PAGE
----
I have friends and acquaintances asking me how they can set up their home 3D printers to help make face masks to protect healthcare workers. Others are writing me notes to see how they can donate spare masks they have at home, researching the best evidence for potential COVID-19 treatments, organizing webinars, and tweeting words of encouragement. Even the simple act of staying at home to avoid spreading the disease is an act of solidarity for which I’m grateful.

I don’t intend to sugarcoat the dire situation we’re in. Hospitals in New York are overrun as you read this; workers there are haphazardly reusing protective equipment and wondering when they will run out of ventilators. Even in Boston, cases are rising exponentially and our inpatient units are starting to fill up. The uncoordinated response at the state and national levels is baffling. But I’m still grateful to be surrounded by so many people on the front lines, united in the singular goal of defeating this virus.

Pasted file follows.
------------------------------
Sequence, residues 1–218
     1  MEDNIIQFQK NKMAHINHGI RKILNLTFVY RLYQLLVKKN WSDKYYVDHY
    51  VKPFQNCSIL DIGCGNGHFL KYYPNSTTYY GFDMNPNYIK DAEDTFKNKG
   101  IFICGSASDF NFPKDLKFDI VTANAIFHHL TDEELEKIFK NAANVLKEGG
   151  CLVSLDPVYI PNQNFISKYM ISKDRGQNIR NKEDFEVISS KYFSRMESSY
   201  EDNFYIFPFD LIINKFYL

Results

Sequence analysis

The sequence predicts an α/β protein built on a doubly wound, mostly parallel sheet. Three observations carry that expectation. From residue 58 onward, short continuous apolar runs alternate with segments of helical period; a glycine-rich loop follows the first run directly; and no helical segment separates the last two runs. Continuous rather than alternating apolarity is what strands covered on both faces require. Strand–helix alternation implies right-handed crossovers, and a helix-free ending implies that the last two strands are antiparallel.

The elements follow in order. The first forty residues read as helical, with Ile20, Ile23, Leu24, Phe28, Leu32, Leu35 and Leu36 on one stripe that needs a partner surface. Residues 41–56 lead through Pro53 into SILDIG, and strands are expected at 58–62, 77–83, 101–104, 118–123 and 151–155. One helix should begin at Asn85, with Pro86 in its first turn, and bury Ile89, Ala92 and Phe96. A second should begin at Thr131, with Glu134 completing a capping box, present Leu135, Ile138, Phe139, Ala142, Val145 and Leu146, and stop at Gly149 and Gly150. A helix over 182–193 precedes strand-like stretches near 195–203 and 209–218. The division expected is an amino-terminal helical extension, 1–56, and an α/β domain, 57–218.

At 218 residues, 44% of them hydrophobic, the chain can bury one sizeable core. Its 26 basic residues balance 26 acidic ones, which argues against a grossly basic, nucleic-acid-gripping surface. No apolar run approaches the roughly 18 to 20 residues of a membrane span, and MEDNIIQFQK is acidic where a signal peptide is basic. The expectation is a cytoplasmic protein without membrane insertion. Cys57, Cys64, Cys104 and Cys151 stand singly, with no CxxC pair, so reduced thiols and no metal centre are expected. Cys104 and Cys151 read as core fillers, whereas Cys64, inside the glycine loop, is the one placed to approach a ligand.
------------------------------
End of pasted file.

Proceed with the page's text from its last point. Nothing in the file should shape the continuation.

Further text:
The other day I had a young patient with a viral infection and asthma. To use some medical jargon, she was “pretty sick.” She had a wheeze and shortness of breath, as well as the telltale fever and cough typical for COVID-19. She was wearing a navy blue cloth mask. She told me she had bought it a few months ago on a trip to Indonesia to protect against pollution. I wore a paper gown, rubber gloves, a mask, and goggles. I prescribed her an inhaler, adjusted her other medications, and sent her to be tested for COVID-19. On her way out, she turned around, looked me in the eye through my flimsy plastic goggles, and thanked me for being there.

I could honestly tell her, without any exaggeration, that there was no other place I would rather be.